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The choices artists make sometimes are as interesting as the work itself.
It follows a ruthless nun accusing a priest of an inappropriate relationship with an altar boy. It won a Pulitzer as a play before becoming a film. The movie stars Meryl Streep as the icy Sister Aloysius and Philip Seymour Hoffman as Father Flynn.
Plays are turned into movies all the time.
But what makes this transformation unique is that the playwright, John Patrick Shanley, also directed the film.
The story remains the same. But the ways that the story is presented lead to very different experiences.
The film has received mostly positive reviews, but it has its detractors.
One of them is Terry Martin, the man who staged it at WaterTower this fall. For every minute I’ve thought about Doubt, Martin’s thought about it for an hour. That’s important, as Doubt is all about the details.
MARTIN: “I have to be honest in saying I would be really interested to know what my experience of the film would have been had I not been so familiar with the play. I was dissatisfied I guess was my ultimate feeling about it. I wanted more.”
In WaterTower’s show, only four characters ever see the stage. The possible victim is noticeably missing.
Without him, the audience can’t gain any insight by looking into his eyes. The effect is that the playing field remains even between the priest and his accuser.
But the film version of Doubt had different challenges. Even Martin admits that it would have been difficult to fill out a film with only four characters.
But it’s in the casting that the play and the film start to head in different directions. For the film, Shanley added the boy. I feared that this was an unwise choice. But the reality is that this tactic also worked for me. The young actor projects happiness, hopefulness, despair and sadness. And the audience is no wiser for the extra information.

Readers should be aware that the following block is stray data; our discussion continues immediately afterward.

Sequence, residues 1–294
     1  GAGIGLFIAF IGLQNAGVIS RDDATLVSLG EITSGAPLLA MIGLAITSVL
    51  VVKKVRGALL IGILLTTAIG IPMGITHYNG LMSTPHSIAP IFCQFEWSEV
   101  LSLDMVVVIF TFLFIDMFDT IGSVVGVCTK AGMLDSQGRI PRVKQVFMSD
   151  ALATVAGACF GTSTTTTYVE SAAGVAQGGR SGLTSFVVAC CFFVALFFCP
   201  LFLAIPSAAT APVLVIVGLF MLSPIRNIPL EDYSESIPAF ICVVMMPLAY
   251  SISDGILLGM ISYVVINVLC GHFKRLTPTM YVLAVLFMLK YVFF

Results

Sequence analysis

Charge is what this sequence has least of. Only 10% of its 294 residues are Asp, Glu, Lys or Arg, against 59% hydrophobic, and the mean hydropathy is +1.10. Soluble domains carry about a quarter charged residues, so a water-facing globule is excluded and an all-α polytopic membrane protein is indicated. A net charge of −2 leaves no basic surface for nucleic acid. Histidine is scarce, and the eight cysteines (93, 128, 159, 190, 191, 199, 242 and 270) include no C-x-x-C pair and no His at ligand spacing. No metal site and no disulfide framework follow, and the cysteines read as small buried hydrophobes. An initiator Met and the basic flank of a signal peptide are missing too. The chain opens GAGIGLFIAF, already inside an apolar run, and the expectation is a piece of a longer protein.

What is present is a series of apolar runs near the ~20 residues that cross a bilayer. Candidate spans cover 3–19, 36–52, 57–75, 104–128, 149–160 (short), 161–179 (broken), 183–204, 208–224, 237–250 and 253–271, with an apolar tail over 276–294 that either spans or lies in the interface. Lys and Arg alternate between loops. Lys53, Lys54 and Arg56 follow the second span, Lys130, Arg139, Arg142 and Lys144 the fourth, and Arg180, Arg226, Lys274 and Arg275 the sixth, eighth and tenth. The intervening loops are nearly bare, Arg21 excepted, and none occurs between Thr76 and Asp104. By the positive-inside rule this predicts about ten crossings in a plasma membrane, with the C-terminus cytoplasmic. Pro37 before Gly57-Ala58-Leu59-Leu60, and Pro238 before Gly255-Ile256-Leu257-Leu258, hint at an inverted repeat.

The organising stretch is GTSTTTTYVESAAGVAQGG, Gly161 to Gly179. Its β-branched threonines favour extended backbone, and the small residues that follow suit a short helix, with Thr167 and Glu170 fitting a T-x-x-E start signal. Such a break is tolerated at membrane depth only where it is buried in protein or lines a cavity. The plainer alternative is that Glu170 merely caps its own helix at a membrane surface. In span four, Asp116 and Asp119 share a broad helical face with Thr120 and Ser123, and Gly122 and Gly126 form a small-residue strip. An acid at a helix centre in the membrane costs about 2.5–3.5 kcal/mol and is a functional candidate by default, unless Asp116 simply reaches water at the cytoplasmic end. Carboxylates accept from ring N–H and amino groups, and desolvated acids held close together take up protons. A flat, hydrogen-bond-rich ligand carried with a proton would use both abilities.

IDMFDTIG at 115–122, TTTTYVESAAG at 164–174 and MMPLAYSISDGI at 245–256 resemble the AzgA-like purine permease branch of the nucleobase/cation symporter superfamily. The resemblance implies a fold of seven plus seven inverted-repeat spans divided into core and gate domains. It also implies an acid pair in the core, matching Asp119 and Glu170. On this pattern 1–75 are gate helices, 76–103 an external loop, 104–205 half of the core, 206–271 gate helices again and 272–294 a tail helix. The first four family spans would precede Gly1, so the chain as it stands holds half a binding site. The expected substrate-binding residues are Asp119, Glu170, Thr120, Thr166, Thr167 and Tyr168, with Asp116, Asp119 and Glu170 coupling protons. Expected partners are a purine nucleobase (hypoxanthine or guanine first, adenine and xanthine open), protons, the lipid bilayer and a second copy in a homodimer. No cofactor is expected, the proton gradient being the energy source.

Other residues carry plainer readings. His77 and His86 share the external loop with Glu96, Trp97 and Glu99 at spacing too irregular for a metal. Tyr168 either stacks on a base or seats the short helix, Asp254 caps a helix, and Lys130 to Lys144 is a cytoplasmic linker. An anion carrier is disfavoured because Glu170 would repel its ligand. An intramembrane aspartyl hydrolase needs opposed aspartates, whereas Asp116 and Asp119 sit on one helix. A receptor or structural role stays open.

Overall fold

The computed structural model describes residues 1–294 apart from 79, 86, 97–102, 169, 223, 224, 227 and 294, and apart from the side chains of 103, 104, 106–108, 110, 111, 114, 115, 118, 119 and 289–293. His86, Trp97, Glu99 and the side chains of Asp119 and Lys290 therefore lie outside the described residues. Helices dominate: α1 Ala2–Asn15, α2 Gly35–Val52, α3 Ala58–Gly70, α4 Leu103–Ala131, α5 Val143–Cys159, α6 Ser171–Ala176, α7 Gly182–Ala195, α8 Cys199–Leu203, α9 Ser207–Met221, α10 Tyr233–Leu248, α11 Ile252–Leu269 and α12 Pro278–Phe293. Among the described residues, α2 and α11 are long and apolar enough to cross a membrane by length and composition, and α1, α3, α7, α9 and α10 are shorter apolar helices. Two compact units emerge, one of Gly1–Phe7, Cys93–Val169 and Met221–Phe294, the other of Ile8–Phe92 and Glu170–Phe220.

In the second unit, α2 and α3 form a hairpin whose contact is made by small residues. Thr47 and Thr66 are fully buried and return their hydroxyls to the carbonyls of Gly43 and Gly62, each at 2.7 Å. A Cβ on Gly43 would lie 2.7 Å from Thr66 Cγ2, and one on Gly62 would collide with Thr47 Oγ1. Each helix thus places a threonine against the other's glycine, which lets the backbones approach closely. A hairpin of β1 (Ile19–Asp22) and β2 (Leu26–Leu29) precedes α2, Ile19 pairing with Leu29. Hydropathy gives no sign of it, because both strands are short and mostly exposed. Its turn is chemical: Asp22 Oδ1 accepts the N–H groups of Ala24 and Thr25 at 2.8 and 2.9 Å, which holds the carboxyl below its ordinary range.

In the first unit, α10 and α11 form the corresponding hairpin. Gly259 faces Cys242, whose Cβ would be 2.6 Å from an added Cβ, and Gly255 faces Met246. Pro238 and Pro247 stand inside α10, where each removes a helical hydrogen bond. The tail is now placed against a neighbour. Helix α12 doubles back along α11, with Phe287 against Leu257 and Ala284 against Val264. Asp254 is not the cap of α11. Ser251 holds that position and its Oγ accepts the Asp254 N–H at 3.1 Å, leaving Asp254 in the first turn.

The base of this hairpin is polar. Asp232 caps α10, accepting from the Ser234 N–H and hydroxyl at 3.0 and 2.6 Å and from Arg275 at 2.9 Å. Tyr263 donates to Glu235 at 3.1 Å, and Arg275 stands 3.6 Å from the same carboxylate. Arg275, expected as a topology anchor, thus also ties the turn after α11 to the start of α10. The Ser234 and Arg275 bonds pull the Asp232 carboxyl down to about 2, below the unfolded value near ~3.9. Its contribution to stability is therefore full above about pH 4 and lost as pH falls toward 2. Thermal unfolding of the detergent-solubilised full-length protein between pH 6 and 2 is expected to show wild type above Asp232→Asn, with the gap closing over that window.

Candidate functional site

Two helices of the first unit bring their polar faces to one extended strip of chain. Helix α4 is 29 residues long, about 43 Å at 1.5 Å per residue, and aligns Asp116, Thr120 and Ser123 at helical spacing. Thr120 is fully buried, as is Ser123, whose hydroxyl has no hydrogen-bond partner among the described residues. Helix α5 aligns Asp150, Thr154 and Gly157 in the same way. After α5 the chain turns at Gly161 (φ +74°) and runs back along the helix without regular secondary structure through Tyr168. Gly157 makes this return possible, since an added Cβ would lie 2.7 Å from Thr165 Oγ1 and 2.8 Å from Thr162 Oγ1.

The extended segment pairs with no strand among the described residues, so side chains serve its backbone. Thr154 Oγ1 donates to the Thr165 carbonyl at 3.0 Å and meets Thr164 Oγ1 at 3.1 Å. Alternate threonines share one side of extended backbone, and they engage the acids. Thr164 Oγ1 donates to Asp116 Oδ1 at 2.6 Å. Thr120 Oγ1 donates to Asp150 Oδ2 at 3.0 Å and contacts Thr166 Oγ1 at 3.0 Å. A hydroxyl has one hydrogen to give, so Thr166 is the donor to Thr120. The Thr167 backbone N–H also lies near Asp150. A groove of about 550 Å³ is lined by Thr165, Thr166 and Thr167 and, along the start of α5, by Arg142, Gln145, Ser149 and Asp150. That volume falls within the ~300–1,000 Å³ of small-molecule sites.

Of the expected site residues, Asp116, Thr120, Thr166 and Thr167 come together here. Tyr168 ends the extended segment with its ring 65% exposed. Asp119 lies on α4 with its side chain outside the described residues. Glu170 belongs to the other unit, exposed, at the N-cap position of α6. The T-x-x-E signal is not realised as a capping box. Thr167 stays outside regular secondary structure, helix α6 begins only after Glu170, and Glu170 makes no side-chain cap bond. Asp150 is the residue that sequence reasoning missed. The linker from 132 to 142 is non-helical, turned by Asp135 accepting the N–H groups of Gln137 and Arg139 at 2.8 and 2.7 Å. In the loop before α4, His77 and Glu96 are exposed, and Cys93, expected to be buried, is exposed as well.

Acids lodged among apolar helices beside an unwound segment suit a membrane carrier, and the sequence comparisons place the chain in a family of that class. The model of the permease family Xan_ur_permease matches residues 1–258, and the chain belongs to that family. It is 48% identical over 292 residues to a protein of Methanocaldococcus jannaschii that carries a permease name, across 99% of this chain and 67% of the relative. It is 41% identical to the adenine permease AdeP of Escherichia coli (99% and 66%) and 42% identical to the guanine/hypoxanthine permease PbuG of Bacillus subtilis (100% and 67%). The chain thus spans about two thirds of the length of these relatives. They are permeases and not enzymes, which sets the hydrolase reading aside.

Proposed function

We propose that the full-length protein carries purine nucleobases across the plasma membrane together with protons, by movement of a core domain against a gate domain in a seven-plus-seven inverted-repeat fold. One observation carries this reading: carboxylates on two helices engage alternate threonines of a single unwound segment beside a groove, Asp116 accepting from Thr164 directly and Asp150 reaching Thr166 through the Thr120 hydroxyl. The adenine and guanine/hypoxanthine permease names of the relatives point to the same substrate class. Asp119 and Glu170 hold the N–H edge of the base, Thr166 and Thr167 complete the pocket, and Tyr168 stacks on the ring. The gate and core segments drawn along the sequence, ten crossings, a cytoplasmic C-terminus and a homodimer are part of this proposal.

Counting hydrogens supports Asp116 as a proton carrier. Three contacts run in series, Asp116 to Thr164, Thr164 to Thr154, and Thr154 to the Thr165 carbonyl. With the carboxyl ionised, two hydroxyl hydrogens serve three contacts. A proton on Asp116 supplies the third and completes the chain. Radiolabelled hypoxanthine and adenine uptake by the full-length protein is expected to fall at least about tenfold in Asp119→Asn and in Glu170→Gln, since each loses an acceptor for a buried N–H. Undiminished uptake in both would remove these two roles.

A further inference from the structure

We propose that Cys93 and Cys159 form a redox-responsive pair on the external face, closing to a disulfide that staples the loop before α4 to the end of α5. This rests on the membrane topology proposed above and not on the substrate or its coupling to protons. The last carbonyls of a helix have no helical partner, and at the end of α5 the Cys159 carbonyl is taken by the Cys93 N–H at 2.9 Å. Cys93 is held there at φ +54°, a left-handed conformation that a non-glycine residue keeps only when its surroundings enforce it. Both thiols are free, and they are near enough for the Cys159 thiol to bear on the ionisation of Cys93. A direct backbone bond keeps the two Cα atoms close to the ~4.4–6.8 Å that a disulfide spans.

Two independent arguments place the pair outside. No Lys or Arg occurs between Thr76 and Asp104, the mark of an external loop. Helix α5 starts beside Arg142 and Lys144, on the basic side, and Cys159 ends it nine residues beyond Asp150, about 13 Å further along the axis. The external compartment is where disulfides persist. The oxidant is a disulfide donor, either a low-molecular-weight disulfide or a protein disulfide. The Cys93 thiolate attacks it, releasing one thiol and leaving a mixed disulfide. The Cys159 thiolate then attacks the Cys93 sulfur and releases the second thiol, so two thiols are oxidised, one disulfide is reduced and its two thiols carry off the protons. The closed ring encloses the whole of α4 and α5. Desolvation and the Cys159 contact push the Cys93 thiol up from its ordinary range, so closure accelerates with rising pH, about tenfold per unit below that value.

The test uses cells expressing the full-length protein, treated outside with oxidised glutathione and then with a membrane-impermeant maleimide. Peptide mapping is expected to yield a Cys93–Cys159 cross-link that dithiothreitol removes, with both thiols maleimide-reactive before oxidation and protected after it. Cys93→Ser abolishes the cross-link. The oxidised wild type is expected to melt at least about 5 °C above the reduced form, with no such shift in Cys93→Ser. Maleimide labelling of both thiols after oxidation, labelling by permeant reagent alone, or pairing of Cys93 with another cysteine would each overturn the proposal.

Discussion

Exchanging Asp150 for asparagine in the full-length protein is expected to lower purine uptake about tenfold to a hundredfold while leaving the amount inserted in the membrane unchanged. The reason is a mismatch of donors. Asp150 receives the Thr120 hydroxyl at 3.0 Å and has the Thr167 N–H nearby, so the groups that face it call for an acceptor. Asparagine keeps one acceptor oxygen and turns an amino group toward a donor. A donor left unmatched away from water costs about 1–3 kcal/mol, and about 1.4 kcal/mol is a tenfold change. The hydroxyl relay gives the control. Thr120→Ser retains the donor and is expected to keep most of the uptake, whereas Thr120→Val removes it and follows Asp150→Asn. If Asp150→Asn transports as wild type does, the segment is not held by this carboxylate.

In this case, Martin says he prefers Shanley the playwright over Shanley the director.
MARTIN: “That really bugged me in so much as it took my participation out of it. I think that’s one of the things that is so interesting about theater to me is that it requires participation from an audience for the experience to be complete, and this is what’s so wonderful about the play Doubt to me is that because we don’t see the children and most of the time we don’t see any of the actions that are talked about, we have the ability to participate by creating them in our imagination.”
MARTIN: “I’ll be honest with you – after I got over my initial disappointment, what happened to me was I began to question my interpretation of the story – thinking, ‘Oh my god, have I completely missed what this playwright’s point was?'”
It seems that Doubt begets more doubt. And that’s OK. The choices are not really a case of right or wrong. Instead, they are just different artistic visions.
After watching the play and the film, there’s a lesson to be learned: Sometimes the building blocks are as interesting as the house.
Doubt film image courtesy of Miramax; Doubt play image courtesy of WaterTower Theatre.